Ten years after its inception, Bitcoin has become a household name across both the developing and the developed world. But should you invest in Bitcoin? What proportion of us are actually comfortable using the flagship digital currency? Where did it come from? Who actually ‘owns’ Bitcoin? And what are the potential pitfalls that new users face when investing in crypto currency for the first time?
On October 31 2008, somebody writing under the pseudonym ‘Satoshi Nakamoto’ published a cryptography paper titled Bitcoin: a Peer to Peer Electronic Cash System. A secret message hidden within the first transaction gives some clarity as to the anonymous developer’s intentions:
“The Times 03/Jan/2009 Chancellor on brink of second bailout for banks”
As a response to the financial risk taking and in-house corruption that led to the 2008 financial crisis, Satoshi created Bitcoin, giving citizens of the world the freedom to choose between the traditional banking sector, or a new way of storing and sending value which has been built to be incorruptible.
The key to this new technology is that users are not required to trust anybody else for the system to function. There are no third parties; no central authority. Whether Satoshi Nakamoto was one person or a group of people, they have long since ceded control of the Bitcoin blockchain.
As the years passed, the rising price of Bitcoin began to attract media attention. Huge price increases in 2011, 2013 and 2017 made many overnight millionaires. A larger flow of money into the emerging crypto economy gave rise to new platforms; some, notably Ethereum in 2015, which would bring completely new functionalities to the world of blockchain.
Fast forward to 2020, and there are over 6000 listed cryptocurrencies, many of them locked into a technological arms race to be the fastest, cheapest and most widely used crypto project on the market. Take a look into some of these projects, and the problems they are aiming to solve, and you’ll see that the technological innovation on display is truly impressive. But there is still one last, overarching problem that the crypto world needs to address before the inevitable march onto real mainstream adoption, and that comes down to two words: User Experience.
Luis Cuende, co-founder of dApp management project Aragon, points out a number of underlying issues in crypto user interfaces, and suggests that developers such as himself need to ‘take a 180-degree turn in our priorities’. A recent experience with a crypto-newbie friend who was trying to donate to charity on the Ethereum network convinced him that blockchain developers were ‘thinking about our piece of the garden without thinking about the neighbourhood’:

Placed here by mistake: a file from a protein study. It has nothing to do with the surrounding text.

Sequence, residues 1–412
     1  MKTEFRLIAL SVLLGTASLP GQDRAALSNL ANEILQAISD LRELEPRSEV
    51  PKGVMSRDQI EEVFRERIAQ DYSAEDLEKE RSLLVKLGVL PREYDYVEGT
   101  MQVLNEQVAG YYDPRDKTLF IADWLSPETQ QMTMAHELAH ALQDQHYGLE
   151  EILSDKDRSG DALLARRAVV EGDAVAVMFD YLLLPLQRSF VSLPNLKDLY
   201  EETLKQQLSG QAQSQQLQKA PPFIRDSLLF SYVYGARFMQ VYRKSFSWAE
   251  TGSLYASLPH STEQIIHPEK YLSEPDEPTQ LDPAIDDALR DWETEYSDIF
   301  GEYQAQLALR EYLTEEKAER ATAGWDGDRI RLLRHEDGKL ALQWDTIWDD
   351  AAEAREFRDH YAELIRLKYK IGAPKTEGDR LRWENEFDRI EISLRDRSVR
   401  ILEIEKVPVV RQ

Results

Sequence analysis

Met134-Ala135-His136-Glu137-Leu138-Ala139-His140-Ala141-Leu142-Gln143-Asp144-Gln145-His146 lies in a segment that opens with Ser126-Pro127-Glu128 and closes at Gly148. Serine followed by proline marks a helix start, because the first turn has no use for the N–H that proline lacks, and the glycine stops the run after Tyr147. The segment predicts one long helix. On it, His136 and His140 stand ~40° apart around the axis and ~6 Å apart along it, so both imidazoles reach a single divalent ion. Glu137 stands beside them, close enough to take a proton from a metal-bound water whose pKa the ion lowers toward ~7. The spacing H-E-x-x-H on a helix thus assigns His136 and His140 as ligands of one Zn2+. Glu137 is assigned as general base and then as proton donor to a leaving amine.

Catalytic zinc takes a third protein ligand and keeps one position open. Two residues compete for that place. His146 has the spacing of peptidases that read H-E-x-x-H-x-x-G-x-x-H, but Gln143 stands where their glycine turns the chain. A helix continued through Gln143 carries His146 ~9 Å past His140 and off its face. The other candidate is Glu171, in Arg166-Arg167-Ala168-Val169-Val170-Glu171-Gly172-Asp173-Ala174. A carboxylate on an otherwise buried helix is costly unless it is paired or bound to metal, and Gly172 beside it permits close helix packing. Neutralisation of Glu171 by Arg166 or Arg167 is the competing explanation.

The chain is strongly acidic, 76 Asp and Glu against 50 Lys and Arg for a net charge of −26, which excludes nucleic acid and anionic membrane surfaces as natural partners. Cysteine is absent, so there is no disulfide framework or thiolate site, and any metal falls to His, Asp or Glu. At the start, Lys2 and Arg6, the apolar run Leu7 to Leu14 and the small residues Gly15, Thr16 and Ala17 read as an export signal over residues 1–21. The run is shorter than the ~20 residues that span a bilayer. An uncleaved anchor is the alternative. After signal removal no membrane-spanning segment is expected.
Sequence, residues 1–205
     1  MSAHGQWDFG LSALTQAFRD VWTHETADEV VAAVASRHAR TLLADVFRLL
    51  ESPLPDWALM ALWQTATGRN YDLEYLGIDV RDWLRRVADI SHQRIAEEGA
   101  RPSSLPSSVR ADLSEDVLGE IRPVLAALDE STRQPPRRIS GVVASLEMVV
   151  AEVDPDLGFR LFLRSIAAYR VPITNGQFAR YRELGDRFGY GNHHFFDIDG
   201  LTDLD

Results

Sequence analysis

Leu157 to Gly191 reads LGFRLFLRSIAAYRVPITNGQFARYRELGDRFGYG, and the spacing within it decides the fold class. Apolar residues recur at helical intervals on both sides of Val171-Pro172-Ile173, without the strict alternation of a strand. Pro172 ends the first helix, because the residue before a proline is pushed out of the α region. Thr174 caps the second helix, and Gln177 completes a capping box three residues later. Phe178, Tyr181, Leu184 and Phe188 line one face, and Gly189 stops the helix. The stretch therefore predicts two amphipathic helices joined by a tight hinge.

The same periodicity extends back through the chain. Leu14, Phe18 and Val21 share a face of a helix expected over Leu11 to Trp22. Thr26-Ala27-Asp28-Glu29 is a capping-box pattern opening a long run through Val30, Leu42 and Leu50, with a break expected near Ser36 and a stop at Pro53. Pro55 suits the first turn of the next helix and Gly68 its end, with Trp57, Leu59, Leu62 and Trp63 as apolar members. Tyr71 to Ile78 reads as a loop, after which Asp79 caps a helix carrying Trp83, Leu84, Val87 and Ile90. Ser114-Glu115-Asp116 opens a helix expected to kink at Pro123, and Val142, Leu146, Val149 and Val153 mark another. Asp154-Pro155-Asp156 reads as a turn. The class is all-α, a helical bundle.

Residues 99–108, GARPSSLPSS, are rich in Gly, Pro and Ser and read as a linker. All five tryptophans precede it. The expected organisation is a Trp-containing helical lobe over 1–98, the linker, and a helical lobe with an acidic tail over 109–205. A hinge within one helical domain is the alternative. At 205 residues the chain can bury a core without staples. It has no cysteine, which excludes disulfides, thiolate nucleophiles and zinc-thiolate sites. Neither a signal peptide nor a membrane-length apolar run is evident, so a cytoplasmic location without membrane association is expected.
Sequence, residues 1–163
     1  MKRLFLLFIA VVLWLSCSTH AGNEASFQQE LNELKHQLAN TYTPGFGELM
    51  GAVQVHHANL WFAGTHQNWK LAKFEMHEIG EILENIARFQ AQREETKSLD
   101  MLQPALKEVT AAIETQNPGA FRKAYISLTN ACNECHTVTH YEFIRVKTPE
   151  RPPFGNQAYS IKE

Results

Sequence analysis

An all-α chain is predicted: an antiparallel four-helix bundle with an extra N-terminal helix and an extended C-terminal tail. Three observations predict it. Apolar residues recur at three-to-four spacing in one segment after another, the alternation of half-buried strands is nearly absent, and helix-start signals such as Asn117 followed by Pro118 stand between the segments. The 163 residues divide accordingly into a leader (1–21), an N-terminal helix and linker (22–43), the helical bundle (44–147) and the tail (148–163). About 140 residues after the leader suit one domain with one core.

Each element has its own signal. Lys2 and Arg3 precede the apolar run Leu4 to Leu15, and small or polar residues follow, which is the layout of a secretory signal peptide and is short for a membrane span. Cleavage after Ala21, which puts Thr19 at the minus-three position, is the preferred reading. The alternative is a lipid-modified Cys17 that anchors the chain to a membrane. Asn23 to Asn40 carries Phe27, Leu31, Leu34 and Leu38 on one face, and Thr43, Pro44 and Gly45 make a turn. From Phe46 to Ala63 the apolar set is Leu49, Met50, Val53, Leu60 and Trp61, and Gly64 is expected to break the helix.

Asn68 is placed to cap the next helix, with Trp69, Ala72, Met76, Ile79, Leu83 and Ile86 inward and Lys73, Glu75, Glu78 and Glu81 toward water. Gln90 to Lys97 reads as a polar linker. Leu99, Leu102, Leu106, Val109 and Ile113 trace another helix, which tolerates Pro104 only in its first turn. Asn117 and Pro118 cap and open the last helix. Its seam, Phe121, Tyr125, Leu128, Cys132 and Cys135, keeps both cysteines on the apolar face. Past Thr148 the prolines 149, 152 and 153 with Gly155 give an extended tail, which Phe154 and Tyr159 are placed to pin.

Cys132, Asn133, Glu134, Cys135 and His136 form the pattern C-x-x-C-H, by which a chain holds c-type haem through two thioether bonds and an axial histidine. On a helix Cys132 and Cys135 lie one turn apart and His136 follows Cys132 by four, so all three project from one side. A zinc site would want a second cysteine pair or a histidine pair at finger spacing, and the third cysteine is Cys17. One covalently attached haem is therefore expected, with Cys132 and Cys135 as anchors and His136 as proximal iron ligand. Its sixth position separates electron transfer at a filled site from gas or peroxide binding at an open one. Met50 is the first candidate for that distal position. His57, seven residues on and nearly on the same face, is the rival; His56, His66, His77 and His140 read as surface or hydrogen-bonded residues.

“Right now crypto needs more communicators, designers, hackers and doers. It’s frustrating to see that we already have mind-blowing technology but the world understands less than 1% of it.”
Problems with the user experience can also be exasperated by the lack of third-party support on decentralised applications. Compare this for example with your local bank, where branch or telephone staff are on hand to guide you through processes such as of opening an online account, setting up an ISA or improving your account’s security measures. David Gold, CEO of Dapix, Inc, writes on Bitcoin.com:
“Praising third-party intermediaries is considered heretical in the blockchain world. But from the everyday users’ perspective, they at least can provide greater confidence that a transaction of value proceeds as intended. Checks can minimize errors, and errors often have the opportunity to be corrected. For Satoshi’s vision of a “purely peer-to-peer version of electronic cash” to become a broad reality, the user experience of sending/receiving crypto must be greatly improved.”
Gold goes on to suggest that crypto interfaces should be even more foolproof and simple to use than traditional online banking services, considering the absence of third party intermediaries to intervene in the case that the sender makes a mistake. One recent eye-watering transaction saw a user spend a fee of 2.6 million dollars in order to send 130 dollars’ worth of Ethereum.
Another example of how crypto solves one problem only to create another is with passwords. User privacy is now much more secure for not being kept on huge, centralised databases that offer rich pickings for hackers. But the flipside of this is that users have the responsibility of backing up and remembering their password… or losing their funds.
Second-generation blockchain architects such as Luis Cuende are now seeking to address these barriers for new users. But a lack of consumer confidence and subsequent price volatility in crypto assets will persist until a better user experience is implemented across the board.
But more and more of us worldwide are making the leap into tomorrow’s economy. A recent survey carried out by the Global Blockchain Council found that 60percent of Americans who responded had heard of Bitcoin, and that 5 percent of them currently hold the number one crypto currency. As the world risks inflation by printing more currency in response to the Covid-economic crisis, currencies with a limited (and shrinking) supply such as Bitcoin are becoming desirable as both a hedge against inflation and a long-term financial investment.
For now though, the safest approach as a newcomer is to receive advice and support before taking the plunge into the unknown. Blocksafecrypto.com is home to a network of friendly and approachable bitcoin and blockchain experts who can demystify the space and help point you in the right direction. More information can be found at blocksafecrypto.com.